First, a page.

The most recent Suez Canal expansion, in 2015, was in theory supposed to have allowed container ships the size of the Ever Given to pass through simultaneously, traveling in opposite directions.
In light of the Ever Given disaster, this would appear to be much like playing maritime “chicken,” a deadly game, incidentally, which actual chickens are not known to play.
Stranded cattle cargoes killed
The Ever Given grounding came only two days after Spanish slaughtermen reportedly finished killing 864 bullocks aboard the Karim Allah, and turned to killing 1,610 steers aboard the Elbeik, after both live cargoes spent months stranded in the Mediterranean.
The 895 bullocks were loaded about the Karim Allah at Cartagena, Spain, in mid-December 2020, of whom 31 apparently died at sea, 22 of them on the initially scheduled voyage to Turkey.
The Elbeik was loaded at about the same time in Tarragona, Spain, subsequently experiencing a reported 179 cattle deaths at sea.
Turkey refused both shipments, believing the bullocks to be infected with the insect-borne disease bluetongue. The Karim Allah and the Elbeik then sought to deliver the cattle to Tripoli, Libya, where the animals were also refused.
The cattle were returned to Spain, but could not be unloaded there, either, because of a European ban on cattle imports from Libya, imposed because both bluetongue and foot-and-mouth disease are endemic to Libya.
Remember the Ocean Drover!
Commented Program for Monitoring Emerging Diseases [ProMED] livestock diseases moderator Arnon Shimshony, “The whole event may be reminiscent of the 2012 Ocean Drover event, when a sheep consignment from Australia to the Gulf states was rejected due to animal health reservations, eventually ending up in Pakistan after being anchored off a Bahrain port for at least a fortnight.
“Return to Australia was rejected by the Australian authorities. Testing on arrival in Pakistan cleared the sheep of ill-health concerns,” Shimshony recalled, but all 22,000 sheep were slaughtered and dumped anyway, largely for political reasons. The killing was conducted in a manner, moreover, that appalled both media and shipping industry witnesses.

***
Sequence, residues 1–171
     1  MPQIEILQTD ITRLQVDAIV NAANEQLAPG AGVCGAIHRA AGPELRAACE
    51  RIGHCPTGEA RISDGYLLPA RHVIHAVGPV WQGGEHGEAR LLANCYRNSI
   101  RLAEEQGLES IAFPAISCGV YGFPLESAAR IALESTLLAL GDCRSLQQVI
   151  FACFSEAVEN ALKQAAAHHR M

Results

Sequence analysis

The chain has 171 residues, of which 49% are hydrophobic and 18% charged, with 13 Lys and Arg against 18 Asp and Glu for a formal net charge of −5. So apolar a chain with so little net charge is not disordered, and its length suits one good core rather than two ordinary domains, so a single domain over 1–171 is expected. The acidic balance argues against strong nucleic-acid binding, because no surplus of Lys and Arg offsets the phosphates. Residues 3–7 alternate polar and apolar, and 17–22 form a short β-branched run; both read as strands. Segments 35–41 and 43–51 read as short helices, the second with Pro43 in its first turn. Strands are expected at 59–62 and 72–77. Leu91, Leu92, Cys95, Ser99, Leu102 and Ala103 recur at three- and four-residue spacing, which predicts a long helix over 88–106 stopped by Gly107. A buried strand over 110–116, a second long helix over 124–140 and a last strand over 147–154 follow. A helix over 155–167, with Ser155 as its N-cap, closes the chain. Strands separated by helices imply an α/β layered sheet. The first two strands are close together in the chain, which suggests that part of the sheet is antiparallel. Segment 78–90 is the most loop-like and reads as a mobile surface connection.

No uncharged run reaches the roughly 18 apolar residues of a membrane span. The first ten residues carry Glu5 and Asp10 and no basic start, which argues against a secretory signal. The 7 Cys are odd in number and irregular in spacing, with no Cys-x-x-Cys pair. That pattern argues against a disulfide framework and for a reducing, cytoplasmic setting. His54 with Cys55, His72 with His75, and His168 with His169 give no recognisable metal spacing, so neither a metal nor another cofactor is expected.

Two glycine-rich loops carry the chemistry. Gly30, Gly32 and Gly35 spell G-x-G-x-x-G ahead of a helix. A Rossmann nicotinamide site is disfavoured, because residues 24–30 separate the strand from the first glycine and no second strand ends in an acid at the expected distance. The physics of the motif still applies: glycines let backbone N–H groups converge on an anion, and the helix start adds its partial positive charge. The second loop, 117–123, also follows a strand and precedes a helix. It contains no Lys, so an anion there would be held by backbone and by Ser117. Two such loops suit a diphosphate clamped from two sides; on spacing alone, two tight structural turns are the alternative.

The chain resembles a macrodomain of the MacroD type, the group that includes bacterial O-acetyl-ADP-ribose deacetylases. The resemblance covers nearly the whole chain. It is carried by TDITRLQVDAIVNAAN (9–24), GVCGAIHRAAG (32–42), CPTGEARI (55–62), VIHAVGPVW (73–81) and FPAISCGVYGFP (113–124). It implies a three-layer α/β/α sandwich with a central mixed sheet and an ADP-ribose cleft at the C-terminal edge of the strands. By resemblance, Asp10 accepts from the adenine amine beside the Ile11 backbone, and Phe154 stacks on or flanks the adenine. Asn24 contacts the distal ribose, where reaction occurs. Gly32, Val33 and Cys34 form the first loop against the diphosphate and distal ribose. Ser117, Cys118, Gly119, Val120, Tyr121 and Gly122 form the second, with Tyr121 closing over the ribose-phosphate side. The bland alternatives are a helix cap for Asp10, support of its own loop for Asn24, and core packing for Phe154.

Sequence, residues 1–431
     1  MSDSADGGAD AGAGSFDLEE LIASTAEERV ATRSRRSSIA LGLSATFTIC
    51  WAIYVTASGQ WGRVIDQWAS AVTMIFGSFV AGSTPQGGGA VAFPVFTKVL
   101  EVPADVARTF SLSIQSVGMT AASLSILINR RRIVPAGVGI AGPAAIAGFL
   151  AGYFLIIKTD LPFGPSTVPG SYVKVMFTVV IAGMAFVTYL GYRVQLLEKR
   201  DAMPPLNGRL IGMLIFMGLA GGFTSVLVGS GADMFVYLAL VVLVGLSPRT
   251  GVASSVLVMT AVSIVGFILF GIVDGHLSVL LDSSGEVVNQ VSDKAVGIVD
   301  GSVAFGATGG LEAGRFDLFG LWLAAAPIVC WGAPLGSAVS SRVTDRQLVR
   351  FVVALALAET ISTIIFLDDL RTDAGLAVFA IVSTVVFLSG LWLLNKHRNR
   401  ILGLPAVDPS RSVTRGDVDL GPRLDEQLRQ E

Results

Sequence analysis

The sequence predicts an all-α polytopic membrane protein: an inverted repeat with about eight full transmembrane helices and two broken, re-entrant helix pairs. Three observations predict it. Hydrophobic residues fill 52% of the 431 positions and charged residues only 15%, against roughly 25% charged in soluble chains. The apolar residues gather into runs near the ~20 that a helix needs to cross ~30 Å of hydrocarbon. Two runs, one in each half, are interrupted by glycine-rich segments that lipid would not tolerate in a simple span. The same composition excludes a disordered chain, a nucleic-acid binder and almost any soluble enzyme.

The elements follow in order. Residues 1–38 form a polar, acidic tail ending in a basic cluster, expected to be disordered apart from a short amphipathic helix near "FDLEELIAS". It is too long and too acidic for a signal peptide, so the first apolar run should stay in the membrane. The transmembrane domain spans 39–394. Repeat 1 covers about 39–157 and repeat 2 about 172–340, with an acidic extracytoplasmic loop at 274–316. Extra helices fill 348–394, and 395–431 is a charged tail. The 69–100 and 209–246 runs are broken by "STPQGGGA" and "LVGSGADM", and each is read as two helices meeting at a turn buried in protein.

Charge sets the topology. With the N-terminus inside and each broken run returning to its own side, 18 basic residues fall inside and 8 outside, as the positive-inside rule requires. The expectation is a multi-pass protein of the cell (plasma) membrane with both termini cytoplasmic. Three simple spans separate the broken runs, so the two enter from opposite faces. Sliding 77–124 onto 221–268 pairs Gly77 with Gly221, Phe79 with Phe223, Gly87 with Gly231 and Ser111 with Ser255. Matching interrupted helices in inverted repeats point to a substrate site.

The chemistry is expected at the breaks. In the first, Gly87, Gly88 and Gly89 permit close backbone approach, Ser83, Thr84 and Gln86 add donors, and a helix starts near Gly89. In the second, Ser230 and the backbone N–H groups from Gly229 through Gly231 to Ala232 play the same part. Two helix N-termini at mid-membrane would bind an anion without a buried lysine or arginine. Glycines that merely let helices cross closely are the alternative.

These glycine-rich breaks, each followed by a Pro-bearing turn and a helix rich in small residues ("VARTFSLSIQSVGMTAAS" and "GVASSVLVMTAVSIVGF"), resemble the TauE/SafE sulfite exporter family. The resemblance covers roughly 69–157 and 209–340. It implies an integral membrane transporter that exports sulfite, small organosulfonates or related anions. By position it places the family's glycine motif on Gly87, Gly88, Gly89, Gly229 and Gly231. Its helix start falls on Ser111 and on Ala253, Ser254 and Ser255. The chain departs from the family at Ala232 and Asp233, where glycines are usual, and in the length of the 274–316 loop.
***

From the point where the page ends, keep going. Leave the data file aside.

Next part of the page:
Live Animal Transport: Time to Change the Rules
The Ever Given, Karim Allah, and Elbeik incidents followed the March 7, 2021 publication of a Eurogroup for Animals white paper entitled Live Animal Transport: Time to Change the Rules, addressing a scheduled update of the European Union Transport Regulation, last updated in January 2005.
“A vast range of animal species are transported within the European Union and beyond,” the Eurogroup paper opened, “but the [EU] Transport Regulation does not guarantee effective protection to all of them. In principle,” Eurogroup said, “such Regulation should apply to the commercial transport of [all] live vertebrate animals, but the majority of its provisions refer only to the welfare of certain terrestrial farmed animal species: the requirements for the transport of fish, companion animals and equines are less developed; and measures to ensure the welfare of a large group of species transported for scientific purposes are completely absent. Additionally, by definition, invertebrates transported for food production remain out of the scope of the Regulation.
“As a general principle,” Eurogroup argued, “the revised Transport Regulation should adhere to the basic principles of reducing, refining and replacing live transport , whenever applicable.”
More than 229 million live animals were exported from the European Union in 2019, Eurogroup found, including 224 million poultry, three million sheep, a million cattle, and 392,000 pigs. Among them, 96% were exported for slaughter in the destination nations.